This idea that Biden’s proposal has majority support and therefore deserves passage has been at the center of the president’s sales pitch since he took office. On Jan. 25, Biden said that his insistence on American unity meant that proposals supported by most Americans should be approved by Congress, a useful argument on the coronavirus package, though one which he might eventually find cumbersome.
After all, as Biden notes, polling specifically on his $1.9 trillion relief proposal is broadly popular, according to polls from Quinnipiac University. About two-thirds of Americans support the proposal in the abstract, though that figure includes less than half of Republicans. If the goal is to pass legislation that the country wants to see passed, Biden’s proposal fits his own guideline.
Unsurprisingly, Republicans have not publicly embraced that position. House Minority Whip Steve Scalise (R-La.) was asked about the legislation on Sunday and he suggested that those Americans might not actually understand the bill.
“You don’t have to be a good pollster in Washington to ask the question, ‘Hey, would you like the federal government to send you a $3,500 check?’ Of course the answer is going to be yes,” he said. “If you said, ‘Do you want us to borrow that money from your children,’ because that’s what this is, I think their answer might be a lot different.”
Maybe. The line that government spending is a loan from future generations — however newly reembraced by Scalise’s party — is a long-standing one, and that is probably already baked into those Quinnipiac results. Among Republicans, only 37 percent support Biden’s proposal, so it’s quite likely that some of Scalise’s sentiment is already represented. Beyond that, the argument is perhaps dubious: Will Americans who learn of the existence of the federal debt turn against those checks? Seems fairly unlikely.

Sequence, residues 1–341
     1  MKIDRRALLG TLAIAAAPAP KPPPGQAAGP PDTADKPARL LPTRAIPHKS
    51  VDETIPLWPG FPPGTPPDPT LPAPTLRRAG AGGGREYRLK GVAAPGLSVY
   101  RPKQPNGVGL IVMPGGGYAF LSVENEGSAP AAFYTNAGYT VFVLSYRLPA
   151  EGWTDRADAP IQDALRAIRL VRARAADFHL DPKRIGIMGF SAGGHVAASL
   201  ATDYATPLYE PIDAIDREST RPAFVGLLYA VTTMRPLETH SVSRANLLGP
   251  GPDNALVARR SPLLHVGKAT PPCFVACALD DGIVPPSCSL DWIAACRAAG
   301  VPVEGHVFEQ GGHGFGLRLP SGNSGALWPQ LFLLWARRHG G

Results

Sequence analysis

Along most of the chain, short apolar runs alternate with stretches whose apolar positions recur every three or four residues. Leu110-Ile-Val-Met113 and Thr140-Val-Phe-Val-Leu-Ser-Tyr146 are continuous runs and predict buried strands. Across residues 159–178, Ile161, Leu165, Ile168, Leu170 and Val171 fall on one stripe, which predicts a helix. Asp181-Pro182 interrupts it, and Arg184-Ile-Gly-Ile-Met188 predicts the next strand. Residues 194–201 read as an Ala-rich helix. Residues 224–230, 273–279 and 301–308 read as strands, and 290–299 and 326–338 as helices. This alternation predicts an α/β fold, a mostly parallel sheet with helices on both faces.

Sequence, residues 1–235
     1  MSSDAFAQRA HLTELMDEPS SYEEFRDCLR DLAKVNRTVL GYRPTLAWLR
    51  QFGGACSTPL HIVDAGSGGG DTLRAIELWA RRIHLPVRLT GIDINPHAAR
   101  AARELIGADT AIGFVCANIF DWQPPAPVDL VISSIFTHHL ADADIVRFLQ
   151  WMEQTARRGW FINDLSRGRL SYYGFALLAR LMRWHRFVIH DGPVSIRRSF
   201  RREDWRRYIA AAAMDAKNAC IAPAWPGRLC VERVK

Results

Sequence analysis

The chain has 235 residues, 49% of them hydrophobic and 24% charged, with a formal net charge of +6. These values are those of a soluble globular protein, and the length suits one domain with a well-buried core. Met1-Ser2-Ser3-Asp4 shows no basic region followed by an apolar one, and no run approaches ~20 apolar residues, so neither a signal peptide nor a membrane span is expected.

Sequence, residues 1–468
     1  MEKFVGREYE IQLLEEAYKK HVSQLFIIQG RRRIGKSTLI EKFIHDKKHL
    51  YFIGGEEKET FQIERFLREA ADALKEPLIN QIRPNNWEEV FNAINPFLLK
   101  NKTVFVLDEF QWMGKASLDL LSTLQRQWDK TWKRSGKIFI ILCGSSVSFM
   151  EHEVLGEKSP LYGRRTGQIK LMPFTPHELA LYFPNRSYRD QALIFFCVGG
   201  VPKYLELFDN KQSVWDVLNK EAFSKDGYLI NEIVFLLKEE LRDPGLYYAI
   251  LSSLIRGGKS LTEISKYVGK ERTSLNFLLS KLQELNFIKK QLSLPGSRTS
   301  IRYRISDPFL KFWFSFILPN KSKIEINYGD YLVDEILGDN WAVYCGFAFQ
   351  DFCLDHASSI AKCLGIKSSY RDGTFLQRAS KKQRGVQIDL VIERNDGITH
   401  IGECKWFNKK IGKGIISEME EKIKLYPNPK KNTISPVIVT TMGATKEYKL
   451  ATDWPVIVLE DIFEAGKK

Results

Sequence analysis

But Biden’s presentation is interesting beyond his appeal to polling. He asks that Republican legislators “listen to their constituents,” a framing we hear surprisingly infrequently in American politics. We elect representatives to make decisions on our behalf, not to simply enact our popular will on each and every issue. There’s a potency to that idea, though, that legislators should do what we want, a concept of bottom-up power that can be applied to everything from relief checks to inciting an insurrection.
That framing from Biden raises an obvious question, though: Who do Republicans see as the constituency to which they are beholden?
Theoretically, it’s everyone in their districts. If we overlay the Quinnipiac poll results on the party registration in each House and Senate seat controlled by a Republican (using numbers, including estimates, from the political data firm L2), we find no district in which more constituents oppose than support the Biden bill. In fact, the closest margin across the 262 districts is a 17-point spread in Wyoming, where about 70 percent of voters are registered as Republicans. (Of course, party registration doesn’t cover every resident, but we’ll just set that aside.)
If the constituents being considered are limited solely to the Republicans in each district, then the policy has more opposition than support across the board — since Republicans oppose it in Quinnipiac’s poll. Normally, we wouldn’t assume that this was how Republican legislators viewed their roles, but the presidency of Donald Trump, which was explicit in appealing almost solely to Republican Americans and states, may have broken past expectations. There may not be Republican members of Congress who care only about the Republicans in their districts, but there are certainly and demonstrably Republicans who are obvious in their efforts to champion the culture-war stuff that motivates so much of the party base.